- Researchers say the consequences of fibromyalgia go beyond muscle and joint pain.
- They say people with the chronic condition have a higher risk of suicide, infection, and accidents.
- Some experts say these higher risks may be caused not only by the discomfort of having fibromyalgia but also the tendency of some medical professionals to dismiss the severity of the condition.
Far more is known about the symptoms of fibromyalgia, which include body-wide pain and fatigue, than what causes it.
Now, a new study published in the journal RMD Open suggests that the consequences of fibromyalgia may go far beyond the day-to-day discomfort it causes.
People with fibromyalgia also have a higher rate of suicide, accidents, and infections than those who do not have the chronic condition, according to researchers Dr. Yulia Treister-Goltzman and Dr. Roni Peleg of the Ben-Gurion University of the Negev in Israel.
Details from the fibromyalgia study
In their research, the scientists reviewed eight previously published studies on fibromyalgia that also detailed the negative consequences of the condition.
Treister-Goltzman and Peleg wrote that the three-fold risk of suicide among people with fibromyalgia could be due to the strain of living with constant pain as well as the stress of not having their disease taken seriously.
“Studies have shown that medical staff are reluctant to accept fibromyalgia as a medical condition and they face emotional and psychological difficulties interacting with these patients and coping with their disorder,” the study noted.
The consequences of fibromyalgia
“Being left crippled, in severe pain, with no energy and severe secondary cognitive dysfunction, and an average 32-½-pound weight gain secondary to metabolic changes devastates people,” Dr. Jacob Teitelbaum, a fibromyalgia expert who has written numerous books on the condition, told Medical News Today.
“Then to have some physicians who are simply too lazy to take the time to read the research and learn about these conditions imply … that the person is crazy instead of sick, and then therefore cruelly being denied disability and health insurance benefits they paid for and often left homeless… Is it really a surprise that suicide rates are higher with this condition?,” he said.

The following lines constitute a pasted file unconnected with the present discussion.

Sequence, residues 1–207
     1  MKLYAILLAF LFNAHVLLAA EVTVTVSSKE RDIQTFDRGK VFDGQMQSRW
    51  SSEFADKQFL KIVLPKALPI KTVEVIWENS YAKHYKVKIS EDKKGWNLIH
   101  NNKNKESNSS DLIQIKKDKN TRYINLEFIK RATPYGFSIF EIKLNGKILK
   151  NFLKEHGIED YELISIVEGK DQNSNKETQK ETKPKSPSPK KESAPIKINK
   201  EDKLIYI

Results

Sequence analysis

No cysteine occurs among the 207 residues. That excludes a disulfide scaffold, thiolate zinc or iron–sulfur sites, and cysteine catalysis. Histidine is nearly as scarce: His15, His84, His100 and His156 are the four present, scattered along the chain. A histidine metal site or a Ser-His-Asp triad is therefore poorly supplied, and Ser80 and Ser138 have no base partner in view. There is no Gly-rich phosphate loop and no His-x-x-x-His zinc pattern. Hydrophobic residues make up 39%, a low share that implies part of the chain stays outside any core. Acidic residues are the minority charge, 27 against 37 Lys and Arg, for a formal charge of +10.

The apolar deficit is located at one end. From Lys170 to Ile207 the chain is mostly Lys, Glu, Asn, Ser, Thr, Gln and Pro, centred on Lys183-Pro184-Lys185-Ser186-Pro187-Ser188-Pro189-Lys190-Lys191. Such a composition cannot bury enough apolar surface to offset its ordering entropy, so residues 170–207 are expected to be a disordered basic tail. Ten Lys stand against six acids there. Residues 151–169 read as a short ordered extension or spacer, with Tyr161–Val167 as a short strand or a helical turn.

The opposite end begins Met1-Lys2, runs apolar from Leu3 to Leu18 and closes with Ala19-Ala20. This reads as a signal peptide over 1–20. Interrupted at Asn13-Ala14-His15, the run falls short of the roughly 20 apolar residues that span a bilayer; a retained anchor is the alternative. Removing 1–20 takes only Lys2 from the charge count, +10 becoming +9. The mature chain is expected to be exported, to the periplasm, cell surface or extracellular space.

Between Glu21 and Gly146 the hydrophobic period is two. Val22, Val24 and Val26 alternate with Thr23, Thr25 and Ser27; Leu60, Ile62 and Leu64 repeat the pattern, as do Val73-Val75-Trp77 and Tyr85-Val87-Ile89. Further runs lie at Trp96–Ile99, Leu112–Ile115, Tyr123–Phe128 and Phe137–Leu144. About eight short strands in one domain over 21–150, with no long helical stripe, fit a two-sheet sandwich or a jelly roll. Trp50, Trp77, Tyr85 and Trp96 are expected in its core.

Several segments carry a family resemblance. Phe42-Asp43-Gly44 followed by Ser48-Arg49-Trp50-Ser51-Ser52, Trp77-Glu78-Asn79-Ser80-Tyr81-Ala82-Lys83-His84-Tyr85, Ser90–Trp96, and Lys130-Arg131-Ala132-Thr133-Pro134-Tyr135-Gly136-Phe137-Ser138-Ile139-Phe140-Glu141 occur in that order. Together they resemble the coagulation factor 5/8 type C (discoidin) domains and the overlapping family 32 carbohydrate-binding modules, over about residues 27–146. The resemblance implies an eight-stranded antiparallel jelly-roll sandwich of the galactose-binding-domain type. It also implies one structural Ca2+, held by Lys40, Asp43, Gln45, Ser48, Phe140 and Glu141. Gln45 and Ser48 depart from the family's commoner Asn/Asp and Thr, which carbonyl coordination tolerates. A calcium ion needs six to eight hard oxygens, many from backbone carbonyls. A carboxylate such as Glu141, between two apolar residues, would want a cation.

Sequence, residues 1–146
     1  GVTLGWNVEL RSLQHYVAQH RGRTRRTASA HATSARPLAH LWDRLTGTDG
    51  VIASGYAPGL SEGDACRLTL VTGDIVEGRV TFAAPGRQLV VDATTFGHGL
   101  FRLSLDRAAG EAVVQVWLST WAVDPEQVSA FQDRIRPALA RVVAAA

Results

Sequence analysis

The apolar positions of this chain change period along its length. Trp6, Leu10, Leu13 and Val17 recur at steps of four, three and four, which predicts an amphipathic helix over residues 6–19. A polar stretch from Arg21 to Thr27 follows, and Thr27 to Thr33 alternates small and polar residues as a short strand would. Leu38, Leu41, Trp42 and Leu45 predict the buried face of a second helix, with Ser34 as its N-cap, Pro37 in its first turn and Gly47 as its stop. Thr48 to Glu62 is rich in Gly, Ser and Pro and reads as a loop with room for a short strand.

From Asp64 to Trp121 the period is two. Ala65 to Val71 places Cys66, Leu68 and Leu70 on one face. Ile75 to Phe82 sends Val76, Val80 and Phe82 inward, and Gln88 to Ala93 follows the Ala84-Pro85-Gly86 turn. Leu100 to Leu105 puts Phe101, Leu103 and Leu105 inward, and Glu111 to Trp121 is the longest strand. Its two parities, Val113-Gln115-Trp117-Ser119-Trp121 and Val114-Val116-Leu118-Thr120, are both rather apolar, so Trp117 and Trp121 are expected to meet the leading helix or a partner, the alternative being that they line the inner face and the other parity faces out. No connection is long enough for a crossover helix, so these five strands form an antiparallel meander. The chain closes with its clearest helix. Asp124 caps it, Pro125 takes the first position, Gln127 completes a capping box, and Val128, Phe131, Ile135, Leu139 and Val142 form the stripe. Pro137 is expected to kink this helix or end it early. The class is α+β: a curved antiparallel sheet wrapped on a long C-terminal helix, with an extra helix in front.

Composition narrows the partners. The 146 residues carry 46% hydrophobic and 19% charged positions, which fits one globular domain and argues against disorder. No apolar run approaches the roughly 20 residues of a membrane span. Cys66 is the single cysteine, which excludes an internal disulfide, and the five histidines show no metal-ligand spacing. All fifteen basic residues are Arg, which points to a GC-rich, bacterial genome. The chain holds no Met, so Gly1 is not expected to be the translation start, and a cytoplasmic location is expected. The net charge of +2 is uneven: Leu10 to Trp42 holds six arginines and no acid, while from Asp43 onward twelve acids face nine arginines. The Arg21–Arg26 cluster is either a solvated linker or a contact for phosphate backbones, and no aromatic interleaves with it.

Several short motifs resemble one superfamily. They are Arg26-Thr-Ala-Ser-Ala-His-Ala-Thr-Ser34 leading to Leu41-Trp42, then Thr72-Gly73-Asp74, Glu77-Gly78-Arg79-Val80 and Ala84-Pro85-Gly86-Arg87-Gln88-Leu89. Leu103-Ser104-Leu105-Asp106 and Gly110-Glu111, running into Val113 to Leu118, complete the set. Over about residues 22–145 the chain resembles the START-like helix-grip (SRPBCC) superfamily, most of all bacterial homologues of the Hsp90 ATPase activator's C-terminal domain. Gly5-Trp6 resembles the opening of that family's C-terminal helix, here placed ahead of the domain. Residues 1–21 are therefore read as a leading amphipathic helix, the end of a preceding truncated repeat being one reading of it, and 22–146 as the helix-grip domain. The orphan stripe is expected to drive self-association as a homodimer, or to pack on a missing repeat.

Experts say the higher prevalence of accidents among people with fibromyalgia could be explained by the fatigue, lack of quality sleep, and concentration difficulties associated with the disorder.
The study authors say the 44% increased risk of infections, including pneumonia and septicemia, could be rooted in one of the main suspected causes of the disorder.
“More and more evidence supports immune system involvement and inflammation in fibromyalgia pathophysiology, which can explain the finding of increased mortality from infections,” wrote Treister-Goltzman and Peleg. “Physical comorbidity may be an additional explanation.”
However, the researchers also reported that people with fibromyalgia were also less likely to die from cancer than people who did not live with the disorder.
They noted that one reason is the greater interaction with the healthcare system by people with fibromyalgia may lead to earlier cancer detection.
The importance of the fibromyalgia research
The researchers said the findings should be a signal for the healthcare community to be more attentive to fibromyalgia and its possible comorbidities.
“Fibromyalgia is often called an ‘imaginary condition,’ with ongoing debates on the legitimacy and clinical usefulness of this diagnosis,” wrote Treister-Goltzman and Peleg. “Our review provides further proof that fibromyalgia patients should be taken seriously, with particular focus on screening for suicidal ideation, prevention of accidents, and prevention and treatment of infections.”
Heightened sensitivity of pain is the hallmark of fibromyalgia, according to the National Institute of Arthritis and Musculoskeletal and Skin Diseases.
Other symptoms of the disorder include fatigue, sleep difficulties, and — less frequently — muscle and joint stiffness, tenderness to touch, numbness or tingling in the arms and legs, memory and concentration problems, sensitivity to light, noise, odors, and temperature, and digestive issues.
Past studies suggest that the disorder may be linked to pain signaling in the brain and, since fibromyalgia tends to run in families, may have origins in genetics.
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